- The homeowner pays taxes on a reverse mortgage
- There are large out-of-pocket expenses
- A reverse mortgage is similar to a home equity loan
We have already covered some of these myths in brief, here is a more detailed explanation:
1. A reverse mortgage sells the home to the bank
False: The lender does not take title to the home. There may be companies offering such an arrangement but they should be avoided. Lenders are guaranteed their money by the government. The homeowner keeps the title to the home in their name. What the lender does is add a lien onto the title for the amount that is borrowed so that the lender can guarantee that it will eventually get paid back the money it lends.
2. Heirs will not inherit the home
The estate inherits the home as usual but there will be a lien on the title for the balance of the reverse mortgage. The balance is whatever proceeds were received from the reverse mortgage plus interest.
For example, let’s assume someone takes out a reverse mortgage and owes $100,000 (with accrued interest) after 5 years. Then the homeowner passes away and the estate sells the house for $250,000. The lender gets $100,000 and the estate inherits $200,000.
A reverse mortgage is a non-recourse loan which means the only asset guaranteeing the loan is the property itself. If the property value is less than the balance of the reverse mortgage, the lender can not request other assets from the estate and must make an insurance claim for the loss to the FHA.
3. The homeowner could get forced out of the home
The FHA reverse mortgage was created specifically to allow seniors to live in their home for the rest of their lives. Because the homeowner receives payments from a reverse mortgage instead of making payments to a lender, the homeowner can never be evicted or foreclosed on for non-payment. However, it is the homeowner’s responsibility to maintain the home in good condition, keep property insurance current, and pay the property taxes.
4. Someone can outlive a reverse mortgage
The reverse mortgage becomes due when all homeowners have permanently moved out of the property or passed away. There is no time limit.
5. The homeowner pays taxes on a reverse mortgage
The proceeds from a reverse mortgage are not considered income and are not taxable. Furthermore, the interest on reverse mortgage is tax deductible when it is repaid.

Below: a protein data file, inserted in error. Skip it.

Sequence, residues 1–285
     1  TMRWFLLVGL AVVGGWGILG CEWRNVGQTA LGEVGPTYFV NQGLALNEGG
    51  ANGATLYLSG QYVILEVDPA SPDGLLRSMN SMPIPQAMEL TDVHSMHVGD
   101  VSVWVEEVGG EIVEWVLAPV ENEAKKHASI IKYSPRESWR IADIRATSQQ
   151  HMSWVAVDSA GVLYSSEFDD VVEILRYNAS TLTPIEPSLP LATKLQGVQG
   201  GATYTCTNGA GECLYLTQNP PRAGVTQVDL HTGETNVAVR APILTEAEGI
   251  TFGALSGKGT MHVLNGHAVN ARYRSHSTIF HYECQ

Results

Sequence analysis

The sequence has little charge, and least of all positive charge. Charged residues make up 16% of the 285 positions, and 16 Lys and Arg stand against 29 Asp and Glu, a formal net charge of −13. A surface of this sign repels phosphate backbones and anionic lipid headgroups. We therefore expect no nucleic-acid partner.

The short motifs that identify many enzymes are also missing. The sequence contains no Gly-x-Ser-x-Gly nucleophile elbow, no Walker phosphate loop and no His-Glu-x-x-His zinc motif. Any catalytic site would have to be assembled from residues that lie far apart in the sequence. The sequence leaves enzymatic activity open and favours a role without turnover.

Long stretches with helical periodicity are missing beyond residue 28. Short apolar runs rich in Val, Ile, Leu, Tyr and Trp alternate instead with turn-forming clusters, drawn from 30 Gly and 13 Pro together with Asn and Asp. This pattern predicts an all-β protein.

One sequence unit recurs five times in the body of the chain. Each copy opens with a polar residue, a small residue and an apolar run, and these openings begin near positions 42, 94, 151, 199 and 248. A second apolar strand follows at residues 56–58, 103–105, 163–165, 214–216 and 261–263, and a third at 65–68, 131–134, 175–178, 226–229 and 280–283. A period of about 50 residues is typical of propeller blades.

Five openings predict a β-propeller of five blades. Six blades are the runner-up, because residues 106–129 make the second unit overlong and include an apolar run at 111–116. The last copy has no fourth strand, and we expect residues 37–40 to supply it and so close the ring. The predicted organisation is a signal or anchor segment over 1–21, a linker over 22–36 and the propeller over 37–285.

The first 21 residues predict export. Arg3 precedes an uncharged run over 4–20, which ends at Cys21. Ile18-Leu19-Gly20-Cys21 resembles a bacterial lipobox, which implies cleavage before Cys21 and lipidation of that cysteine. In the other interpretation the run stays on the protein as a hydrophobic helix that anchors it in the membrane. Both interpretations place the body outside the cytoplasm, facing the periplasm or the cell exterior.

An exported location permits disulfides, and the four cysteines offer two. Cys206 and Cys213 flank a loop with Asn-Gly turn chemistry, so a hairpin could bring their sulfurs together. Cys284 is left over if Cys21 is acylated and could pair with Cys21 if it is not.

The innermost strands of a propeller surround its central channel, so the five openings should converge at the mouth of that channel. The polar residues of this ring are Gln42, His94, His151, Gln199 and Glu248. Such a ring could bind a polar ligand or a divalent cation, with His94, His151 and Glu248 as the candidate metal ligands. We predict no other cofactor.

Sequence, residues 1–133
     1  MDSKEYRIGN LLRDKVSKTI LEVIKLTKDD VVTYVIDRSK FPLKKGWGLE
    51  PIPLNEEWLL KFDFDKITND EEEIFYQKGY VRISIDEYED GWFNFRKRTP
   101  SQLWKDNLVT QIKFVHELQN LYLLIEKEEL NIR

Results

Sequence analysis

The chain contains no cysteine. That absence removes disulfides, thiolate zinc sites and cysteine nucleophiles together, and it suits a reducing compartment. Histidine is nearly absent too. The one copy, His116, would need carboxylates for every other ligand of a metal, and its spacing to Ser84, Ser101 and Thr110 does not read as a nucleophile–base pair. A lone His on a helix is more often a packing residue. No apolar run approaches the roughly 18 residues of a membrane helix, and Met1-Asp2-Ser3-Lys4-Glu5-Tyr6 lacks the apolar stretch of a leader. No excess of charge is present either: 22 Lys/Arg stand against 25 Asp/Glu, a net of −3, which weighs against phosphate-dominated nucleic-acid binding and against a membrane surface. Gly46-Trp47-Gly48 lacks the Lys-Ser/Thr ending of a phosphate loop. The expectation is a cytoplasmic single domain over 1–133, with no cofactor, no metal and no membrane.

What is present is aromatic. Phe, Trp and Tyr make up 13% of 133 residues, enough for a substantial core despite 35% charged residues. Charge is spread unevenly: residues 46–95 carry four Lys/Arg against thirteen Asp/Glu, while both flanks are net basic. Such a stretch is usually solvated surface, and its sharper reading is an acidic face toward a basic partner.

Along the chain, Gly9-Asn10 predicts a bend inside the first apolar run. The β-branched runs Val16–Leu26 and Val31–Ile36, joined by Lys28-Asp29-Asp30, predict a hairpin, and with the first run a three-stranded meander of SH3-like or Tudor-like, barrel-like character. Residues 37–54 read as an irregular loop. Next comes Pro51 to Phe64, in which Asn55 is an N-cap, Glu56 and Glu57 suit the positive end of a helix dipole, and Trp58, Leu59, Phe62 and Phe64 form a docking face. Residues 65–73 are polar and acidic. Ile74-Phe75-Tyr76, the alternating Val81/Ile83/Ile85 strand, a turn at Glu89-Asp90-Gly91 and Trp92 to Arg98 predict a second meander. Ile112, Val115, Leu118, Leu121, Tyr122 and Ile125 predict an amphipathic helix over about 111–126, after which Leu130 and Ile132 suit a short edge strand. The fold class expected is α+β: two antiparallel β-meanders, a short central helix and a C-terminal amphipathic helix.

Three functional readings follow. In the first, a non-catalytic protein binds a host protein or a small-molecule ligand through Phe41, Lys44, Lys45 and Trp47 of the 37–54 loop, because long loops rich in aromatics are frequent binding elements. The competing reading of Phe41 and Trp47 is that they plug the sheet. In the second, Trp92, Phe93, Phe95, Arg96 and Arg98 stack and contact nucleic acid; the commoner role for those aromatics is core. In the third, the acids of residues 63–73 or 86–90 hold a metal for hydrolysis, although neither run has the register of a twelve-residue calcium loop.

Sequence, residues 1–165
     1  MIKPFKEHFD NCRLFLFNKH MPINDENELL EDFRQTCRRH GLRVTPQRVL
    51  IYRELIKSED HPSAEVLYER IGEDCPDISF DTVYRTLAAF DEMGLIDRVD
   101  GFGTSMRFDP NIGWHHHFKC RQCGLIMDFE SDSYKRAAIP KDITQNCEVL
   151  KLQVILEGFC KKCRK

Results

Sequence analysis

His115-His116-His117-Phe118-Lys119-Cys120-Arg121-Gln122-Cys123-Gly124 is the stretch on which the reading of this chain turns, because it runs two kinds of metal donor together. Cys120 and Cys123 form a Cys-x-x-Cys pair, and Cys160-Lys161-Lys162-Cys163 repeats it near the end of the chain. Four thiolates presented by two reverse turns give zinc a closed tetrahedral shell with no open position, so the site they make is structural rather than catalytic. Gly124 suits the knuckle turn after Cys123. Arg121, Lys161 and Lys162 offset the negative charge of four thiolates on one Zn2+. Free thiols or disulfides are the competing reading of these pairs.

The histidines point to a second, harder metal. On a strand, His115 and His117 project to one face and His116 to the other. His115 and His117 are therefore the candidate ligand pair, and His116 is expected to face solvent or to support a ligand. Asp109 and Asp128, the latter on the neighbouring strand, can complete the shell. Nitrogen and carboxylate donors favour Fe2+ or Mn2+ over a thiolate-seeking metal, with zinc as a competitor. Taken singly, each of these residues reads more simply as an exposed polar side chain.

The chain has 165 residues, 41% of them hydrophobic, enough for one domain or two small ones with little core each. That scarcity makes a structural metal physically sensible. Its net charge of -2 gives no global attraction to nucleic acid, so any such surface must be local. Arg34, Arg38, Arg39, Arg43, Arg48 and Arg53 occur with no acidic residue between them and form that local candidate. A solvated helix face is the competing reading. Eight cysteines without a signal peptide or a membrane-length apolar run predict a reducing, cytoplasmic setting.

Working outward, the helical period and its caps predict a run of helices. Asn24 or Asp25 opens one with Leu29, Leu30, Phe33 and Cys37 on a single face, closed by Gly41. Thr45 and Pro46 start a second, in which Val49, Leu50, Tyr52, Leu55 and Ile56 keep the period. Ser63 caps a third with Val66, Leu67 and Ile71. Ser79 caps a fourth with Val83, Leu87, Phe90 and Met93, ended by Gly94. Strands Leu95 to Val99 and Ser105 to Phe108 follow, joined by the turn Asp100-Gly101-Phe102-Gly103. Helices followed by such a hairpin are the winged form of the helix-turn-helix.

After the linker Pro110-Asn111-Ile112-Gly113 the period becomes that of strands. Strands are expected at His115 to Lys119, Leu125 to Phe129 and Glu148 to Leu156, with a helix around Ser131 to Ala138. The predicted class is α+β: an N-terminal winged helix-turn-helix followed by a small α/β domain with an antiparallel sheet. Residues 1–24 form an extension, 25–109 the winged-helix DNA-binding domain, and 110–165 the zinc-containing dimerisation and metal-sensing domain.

6. There are large out-of-pocket expenses
Typically the only out-of-pocket expenses are the cost of the counseling and the appraisal. If requested, many lenders will agree to pay the appraisal fee upfront and finance the cost into the loan.
7. A reverse mortgage is similar to a home equity loan
The only similarity between a reverse mortgage and a home equity loan is that both use the home’s equity as collateral.
- Any homeowner can apply for a home equity loan. A homeowner must be age 62 to apply for a reverse mortgage.
- A home equity loan must be repaid in monthly payments over 5 or 10 years. A reverse mortgage is not paid back until the homeowner moves out of the property or passes away.
- A home equity loan requires stable income and a solid credit score. A reverse mortgage does not consider income or credit.
- A home equity loan charges no closing costs but has a higher interest rate over the life of the loan. A reverse mortgage charges upfront closing costs but has lower interest over the course of the loan.
In conclusion, a reverse mortgage has some tremendous advantages. The homeowner considering a reverse mortgage must get a firm quote explaining all fees and go through mandatory counseling (about an hour). They should also consult their children or family member. The children should keep in mind that this cash infusion may reduce or eliminate the possibility that they may wind up providing financial support to their parents. A full proposal will show all fees and an annual project showing the increase in the annual loan balance. Although there is nothing to stop a homeowner from paying the loan off, them still must amortize the fees over a long enough time period to make the arrangement sensible.
One last note: A reverse mortgage can be used to purchase a new home, it does not have to be on an existing home.